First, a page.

Submitted by: David Bowman


Bracket Fungus update

I have now identified the bracket fungus and have a correction to the tree on which it is growing. The Fungus is Daedaleopsis confragosa known as the blushing bracket. It grows mainly willow and in fact the trunk on which it is growing near the ringing station is a willow and not Elder as I mistakenly reported. The fungus has a pink colour on its upper surface when young but then progressively darkens as it ages. The examples are now almost completely black on their upper surfaces. The underside is honeycombed. It belongs to the order Polyporales because of the honeycomb on the under surface. At the periphery the pores are elongated but roundish nearer the base as in the photo.

Submitted by: Douglas Buchanan


Ringing Update 06 to 13/12/2014 Due to holidays, the totals are for two weeks.

During the first week, Dave Riley was out on No1 bed on the Friday, when he caught 26 birds with eight new, 2 Blue Tits, 2 Chaffinches and 4 Greenfinches. Mike Baron was out on the Sunday, when he caught a creditable 58 birds in his three nets, with 30 new including 15 Lesser Redpolls along with another Redpoll that showed some characteristics of Common, he also caught a new Great Spotted Woodpecker and Goldfinch. Mike was also out on the Saturday of the second week when he caught a further 51 birds with the 28 new including 7 Redwings and another Goldfinch.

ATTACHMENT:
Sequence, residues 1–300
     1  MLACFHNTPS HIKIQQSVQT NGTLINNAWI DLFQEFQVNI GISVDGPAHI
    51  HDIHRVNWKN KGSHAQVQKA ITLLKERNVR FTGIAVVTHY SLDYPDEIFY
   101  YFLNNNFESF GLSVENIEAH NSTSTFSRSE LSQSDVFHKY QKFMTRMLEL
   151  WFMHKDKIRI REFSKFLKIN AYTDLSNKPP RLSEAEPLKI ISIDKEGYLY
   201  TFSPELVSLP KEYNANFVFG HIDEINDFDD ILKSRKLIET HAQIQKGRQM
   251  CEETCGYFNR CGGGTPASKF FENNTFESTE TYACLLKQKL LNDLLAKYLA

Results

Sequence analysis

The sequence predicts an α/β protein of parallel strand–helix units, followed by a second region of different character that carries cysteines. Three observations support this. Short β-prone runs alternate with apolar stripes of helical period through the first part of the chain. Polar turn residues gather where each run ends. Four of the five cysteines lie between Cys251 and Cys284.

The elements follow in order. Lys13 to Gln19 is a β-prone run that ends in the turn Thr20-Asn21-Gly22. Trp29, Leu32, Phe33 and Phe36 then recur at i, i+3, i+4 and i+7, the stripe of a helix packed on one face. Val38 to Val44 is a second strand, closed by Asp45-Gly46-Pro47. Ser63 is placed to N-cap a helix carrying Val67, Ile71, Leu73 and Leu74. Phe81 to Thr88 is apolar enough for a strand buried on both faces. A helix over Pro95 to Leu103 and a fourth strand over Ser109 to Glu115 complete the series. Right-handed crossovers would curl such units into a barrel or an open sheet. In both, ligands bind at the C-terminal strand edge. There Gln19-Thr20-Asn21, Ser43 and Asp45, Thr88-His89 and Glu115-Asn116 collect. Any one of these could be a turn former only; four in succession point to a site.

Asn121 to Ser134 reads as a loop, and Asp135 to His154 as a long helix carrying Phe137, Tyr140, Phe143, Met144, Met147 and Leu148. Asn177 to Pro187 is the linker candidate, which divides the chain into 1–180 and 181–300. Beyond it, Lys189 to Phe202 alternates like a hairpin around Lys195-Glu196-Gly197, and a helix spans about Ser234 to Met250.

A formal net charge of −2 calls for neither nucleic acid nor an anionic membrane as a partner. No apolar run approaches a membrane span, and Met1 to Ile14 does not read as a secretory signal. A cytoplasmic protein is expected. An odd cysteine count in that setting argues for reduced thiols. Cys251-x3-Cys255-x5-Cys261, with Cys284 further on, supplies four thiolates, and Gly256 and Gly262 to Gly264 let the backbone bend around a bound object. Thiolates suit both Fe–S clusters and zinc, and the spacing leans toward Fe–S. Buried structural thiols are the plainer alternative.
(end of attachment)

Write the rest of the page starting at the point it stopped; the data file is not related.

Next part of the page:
The No3 ringing team were out on the Saturday morning of the first week when they caught 73 birds including 21 Redwings and 11 Chaffinches, while sightings during the session included 2 Tawny Owls, 1 fieldfare and 70+ finch sp. in the feed crop. The team were out again the following Saturday when a further 51 birds were caught and the 23 new included another 14 Redwings, 1 Goldfinch and 3 Chaffinches.

Submitted by: Dave Riley


This morning’s visible migration watch from Butchersfield Tip started with drizzle which had cleared by mid-morning. Things started well, with a Woodcock flushed from the track on the way to the Tip. Most movements were of local feeding birds with the main counts of interest being: 23 Pink-footed Geese, 30 Fieldfares, 21 Redwings, 110 Skylarks, 1,800 Woodpigeons, 70 Stock Doves, 3,270 Starings, 200 Herring Gulls and 40 Chaffinches.